4. Suffering should not be a part of healing.  Even on the most basic level of our physical selves this is a falsehood.  All wounds hurt, and this hurting is a sign the body is doing what it is built to do.  The body and brain are capable of self-correcting if we give them a chance.  Many people, clients and therapists alike, appear to operate from a position that all symptoms, all pain, should eliminated from the start.  This posture, promoted by the pharmaceutical and insurance conglomerate, leads to premature diagnosing, premature intrusive interventions such as medications, and often, the premature conclusion of therapy.  Suffering is a part of life, and it is not always "diagnosable".  As we come out of our unconscious stupors, our avoidance and fetishes, we are bound to feel bad.  And probably for a while.  This is a part of healing and it is to be embraced and understood.  Then real and lasting progress may occur.
  5. A toolbox of "interventions" is what makes therapy work.  Though such a toolbox is important to possess, as is knowing when to use its contents, non-specific factors account for the lion's share of progress in therapy.  These include the personalities and styles of the therapist and client, and the quality of their relationship.  In spite of all our technological advances, adequate time, good listening, a deeply trusting and understanding relationship, and the ability to communicate from the client's experience are the most fundamental components of good therapy.  Without these your toolbox is useless.
Orthodox positions usually derive from economic, political, legal, and even religious points of view.  In reality these may have little to do with a heartfelt, caring and professional relationship between two human beings.  To the extent that such points of view are given space in the therapy room, we may impair the healing process which is before us.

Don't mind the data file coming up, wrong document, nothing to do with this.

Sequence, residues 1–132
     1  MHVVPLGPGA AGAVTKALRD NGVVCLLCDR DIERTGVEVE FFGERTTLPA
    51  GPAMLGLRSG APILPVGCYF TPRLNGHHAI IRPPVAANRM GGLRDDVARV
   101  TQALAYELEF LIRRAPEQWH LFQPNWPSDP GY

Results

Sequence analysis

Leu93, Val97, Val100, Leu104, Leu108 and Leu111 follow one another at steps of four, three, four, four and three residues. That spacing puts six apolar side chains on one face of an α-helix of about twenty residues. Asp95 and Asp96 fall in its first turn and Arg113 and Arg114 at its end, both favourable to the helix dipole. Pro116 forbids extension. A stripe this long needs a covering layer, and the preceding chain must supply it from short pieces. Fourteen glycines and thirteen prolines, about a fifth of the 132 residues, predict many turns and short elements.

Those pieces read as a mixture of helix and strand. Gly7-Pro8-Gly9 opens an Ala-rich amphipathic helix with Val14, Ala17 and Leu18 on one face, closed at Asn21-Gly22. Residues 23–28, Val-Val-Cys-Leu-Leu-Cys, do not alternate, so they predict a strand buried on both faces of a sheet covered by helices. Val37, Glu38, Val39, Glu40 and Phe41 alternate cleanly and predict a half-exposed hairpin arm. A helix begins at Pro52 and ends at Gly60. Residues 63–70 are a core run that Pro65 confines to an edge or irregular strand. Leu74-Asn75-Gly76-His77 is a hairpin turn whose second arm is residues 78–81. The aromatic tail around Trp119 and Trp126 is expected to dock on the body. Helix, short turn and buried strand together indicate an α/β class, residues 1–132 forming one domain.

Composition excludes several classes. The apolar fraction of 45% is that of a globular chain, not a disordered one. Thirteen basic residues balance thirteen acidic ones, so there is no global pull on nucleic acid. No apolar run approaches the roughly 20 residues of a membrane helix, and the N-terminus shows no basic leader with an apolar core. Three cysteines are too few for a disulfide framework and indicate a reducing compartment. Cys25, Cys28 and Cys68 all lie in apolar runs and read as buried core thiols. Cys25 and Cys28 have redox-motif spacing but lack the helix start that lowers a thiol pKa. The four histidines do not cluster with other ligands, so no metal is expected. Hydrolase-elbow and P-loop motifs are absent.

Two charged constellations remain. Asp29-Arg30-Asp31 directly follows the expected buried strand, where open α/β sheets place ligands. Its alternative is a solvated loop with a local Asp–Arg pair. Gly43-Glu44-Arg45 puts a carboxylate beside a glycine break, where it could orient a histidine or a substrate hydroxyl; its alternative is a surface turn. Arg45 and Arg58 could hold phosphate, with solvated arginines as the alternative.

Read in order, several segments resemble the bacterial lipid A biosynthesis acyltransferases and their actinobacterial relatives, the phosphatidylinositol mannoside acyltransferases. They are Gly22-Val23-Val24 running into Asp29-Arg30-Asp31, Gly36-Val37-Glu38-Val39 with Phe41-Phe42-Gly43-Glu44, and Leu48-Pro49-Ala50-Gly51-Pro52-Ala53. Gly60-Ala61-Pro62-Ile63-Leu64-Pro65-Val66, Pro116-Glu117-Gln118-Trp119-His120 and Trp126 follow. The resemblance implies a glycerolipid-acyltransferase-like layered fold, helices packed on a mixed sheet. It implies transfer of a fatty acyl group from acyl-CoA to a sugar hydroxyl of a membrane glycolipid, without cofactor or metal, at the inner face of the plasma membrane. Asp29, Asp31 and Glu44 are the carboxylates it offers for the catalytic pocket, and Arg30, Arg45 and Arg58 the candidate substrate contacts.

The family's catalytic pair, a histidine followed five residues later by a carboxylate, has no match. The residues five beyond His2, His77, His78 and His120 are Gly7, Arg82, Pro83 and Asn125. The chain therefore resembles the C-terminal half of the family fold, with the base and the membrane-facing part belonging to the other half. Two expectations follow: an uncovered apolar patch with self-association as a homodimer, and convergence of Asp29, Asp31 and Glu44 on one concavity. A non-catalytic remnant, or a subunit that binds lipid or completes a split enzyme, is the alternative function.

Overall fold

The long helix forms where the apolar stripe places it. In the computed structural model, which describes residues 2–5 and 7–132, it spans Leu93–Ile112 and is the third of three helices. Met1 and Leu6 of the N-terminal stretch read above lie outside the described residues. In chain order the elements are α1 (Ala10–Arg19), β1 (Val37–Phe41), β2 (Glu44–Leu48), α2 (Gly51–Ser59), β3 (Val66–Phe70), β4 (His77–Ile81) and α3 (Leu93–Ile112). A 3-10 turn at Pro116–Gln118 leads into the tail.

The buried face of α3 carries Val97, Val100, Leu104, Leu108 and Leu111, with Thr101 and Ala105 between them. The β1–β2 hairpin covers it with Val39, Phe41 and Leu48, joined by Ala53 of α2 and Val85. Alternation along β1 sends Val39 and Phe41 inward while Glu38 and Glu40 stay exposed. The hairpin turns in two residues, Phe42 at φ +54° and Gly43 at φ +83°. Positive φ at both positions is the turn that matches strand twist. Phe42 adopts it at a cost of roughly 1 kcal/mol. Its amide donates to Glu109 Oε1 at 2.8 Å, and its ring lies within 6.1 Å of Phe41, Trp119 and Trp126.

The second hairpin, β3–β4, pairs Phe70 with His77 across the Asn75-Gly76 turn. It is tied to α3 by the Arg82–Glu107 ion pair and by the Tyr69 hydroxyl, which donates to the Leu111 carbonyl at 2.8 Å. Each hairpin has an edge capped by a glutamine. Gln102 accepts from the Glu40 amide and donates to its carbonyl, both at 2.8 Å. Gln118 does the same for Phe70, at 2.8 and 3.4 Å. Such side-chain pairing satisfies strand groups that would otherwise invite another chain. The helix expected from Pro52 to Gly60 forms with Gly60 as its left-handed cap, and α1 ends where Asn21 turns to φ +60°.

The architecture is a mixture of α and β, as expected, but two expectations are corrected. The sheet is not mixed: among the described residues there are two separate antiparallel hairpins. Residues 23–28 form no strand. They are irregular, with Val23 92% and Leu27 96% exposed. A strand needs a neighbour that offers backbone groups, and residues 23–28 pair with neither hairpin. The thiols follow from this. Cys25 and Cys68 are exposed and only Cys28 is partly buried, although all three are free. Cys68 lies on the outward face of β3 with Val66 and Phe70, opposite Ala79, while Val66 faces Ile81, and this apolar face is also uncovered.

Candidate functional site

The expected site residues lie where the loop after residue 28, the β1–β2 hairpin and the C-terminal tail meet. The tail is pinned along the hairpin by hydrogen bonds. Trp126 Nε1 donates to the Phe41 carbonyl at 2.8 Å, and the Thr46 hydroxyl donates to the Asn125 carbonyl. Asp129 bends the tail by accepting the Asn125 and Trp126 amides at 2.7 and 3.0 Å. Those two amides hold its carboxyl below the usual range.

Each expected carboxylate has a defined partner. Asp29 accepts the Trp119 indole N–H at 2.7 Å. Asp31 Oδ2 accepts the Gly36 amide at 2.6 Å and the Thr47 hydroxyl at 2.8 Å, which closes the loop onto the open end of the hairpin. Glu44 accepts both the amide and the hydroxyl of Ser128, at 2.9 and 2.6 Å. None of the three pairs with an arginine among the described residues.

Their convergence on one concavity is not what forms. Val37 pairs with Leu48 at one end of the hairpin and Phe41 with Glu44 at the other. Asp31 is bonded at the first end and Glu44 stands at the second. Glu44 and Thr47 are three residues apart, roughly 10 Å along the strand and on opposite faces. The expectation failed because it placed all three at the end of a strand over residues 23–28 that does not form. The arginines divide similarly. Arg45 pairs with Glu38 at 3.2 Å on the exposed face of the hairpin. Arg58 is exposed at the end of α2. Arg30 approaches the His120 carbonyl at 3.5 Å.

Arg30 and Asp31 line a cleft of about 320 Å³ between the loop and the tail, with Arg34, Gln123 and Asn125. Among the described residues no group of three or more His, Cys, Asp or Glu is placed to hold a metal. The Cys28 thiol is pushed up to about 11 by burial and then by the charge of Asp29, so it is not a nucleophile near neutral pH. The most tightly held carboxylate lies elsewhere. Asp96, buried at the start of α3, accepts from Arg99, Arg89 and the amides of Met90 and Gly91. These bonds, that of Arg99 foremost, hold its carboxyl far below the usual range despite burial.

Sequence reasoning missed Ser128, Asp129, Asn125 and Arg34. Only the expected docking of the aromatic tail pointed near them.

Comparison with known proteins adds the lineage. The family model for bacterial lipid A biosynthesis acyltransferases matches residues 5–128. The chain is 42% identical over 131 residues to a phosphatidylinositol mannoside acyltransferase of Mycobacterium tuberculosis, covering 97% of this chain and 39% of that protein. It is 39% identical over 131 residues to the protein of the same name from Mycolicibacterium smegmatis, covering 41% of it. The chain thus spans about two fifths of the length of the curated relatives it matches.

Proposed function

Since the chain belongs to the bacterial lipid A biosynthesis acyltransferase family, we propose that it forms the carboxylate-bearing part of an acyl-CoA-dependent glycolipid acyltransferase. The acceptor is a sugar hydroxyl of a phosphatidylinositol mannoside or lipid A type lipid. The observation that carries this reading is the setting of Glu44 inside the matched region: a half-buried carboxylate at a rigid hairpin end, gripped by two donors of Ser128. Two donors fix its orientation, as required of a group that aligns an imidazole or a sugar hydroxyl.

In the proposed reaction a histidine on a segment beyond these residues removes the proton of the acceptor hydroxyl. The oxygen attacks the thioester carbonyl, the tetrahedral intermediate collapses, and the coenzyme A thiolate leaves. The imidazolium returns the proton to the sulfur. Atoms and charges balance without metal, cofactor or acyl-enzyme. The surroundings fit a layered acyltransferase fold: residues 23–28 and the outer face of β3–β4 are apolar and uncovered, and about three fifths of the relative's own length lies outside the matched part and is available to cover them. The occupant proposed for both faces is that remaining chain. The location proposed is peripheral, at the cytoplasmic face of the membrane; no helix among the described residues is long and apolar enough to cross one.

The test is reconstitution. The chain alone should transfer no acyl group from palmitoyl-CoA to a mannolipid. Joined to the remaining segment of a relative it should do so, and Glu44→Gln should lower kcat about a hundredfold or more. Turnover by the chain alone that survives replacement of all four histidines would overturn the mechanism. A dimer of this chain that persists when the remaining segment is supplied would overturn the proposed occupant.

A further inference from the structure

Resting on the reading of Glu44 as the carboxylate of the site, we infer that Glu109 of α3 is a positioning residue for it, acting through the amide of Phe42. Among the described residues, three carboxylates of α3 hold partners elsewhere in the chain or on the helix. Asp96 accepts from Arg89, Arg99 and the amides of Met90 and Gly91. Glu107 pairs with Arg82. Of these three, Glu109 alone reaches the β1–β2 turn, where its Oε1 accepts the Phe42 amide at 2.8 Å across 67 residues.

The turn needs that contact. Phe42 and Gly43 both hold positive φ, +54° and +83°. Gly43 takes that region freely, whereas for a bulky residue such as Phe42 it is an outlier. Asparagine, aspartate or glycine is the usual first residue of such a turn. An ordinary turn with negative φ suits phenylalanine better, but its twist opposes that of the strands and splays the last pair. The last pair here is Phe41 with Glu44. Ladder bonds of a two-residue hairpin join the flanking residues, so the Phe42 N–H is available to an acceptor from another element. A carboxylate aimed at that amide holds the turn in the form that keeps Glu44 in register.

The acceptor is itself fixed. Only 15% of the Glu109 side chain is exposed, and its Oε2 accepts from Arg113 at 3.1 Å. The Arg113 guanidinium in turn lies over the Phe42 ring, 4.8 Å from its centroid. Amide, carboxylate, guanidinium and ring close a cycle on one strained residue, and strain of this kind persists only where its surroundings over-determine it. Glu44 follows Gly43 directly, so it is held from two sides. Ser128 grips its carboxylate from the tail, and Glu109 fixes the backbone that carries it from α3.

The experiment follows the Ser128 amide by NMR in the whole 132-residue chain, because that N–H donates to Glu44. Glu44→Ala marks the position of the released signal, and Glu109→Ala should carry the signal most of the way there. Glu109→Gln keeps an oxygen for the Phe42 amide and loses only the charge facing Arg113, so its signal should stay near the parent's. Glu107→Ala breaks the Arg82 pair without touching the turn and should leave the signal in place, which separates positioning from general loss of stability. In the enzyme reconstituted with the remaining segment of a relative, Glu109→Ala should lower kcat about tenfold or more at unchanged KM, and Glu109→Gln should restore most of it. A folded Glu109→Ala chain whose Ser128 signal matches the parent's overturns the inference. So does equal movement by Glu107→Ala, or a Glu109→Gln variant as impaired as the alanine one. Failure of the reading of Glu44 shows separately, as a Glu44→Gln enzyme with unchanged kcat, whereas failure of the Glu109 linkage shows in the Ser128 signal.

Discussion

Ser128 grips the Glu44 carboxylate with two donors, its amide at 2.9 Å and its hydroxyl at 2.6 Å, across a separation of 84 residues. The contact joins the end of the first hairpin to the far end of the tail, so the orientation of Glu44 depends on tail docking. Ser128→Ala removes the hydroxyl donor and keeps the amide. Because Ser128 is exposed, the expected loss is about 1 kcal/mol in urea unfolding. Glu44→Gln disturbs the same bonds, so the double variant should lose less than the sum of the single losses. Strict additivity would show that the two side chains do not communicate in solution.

Wednesday, February 19, 2014

Management 101

Most managers of mental health services get very little training in the business of management itself.  In our academic preparation we hear next to nothing about human resources, marketing, budgeting and funding models, project management and implementation, and paradigm conflict, among other sundry topics involved in this work.  We mostly learn on the job, which is to say through trial and error.  Or trial and success.  Some of us may pick up exposure through continuing education, informal training provided on our campuses, and more rarely through formal education.  Many of us benefit from networks provided for by organizations in the field, many of which I have listed elsewhere in this blog.  I know I have benefited immensely from the consultations provided by more seasoned directors than I, which continues to this day.  I am eternally grateful for these opportunities.  I believe there is an admirable expectation in our field that wisdom is passed down to new generations of leaders, and that this is done freely.

In this way we come to develop skills needed to manage services competently.  One can find a few texts which assist in this process, but there is no substitute for a sort of folk wisdom, if you will, which has been hard-won over time.  Below I make a humble attempt to present one version of this wisdom which I have gathered in over 22 years of labor.

  • Counseling or psychotherapy is mostly invisible and under-valued, and if you don't tell its story, loudly, no one will know much about it.
  • Just because you believe that college mental health is an oasis of sanity does not mean that others do.
  • One would think that mental health professionals who are trained helpers bound to a code of ethics always have the best of intentions and motives.  This is not true.
  • You can't please everyone or, alternatively, if you don't make an enemy along the way you are doing something wrong.
  • Take nothing personally.
  • Admit what talents you do not have, and collaborate with those that do.
  • There are people, organizations, and systems that will interfere with your attempts to help students.  There are many reasons why this is so, and not all of them are malevolent.
  • Praise in public, correct in private.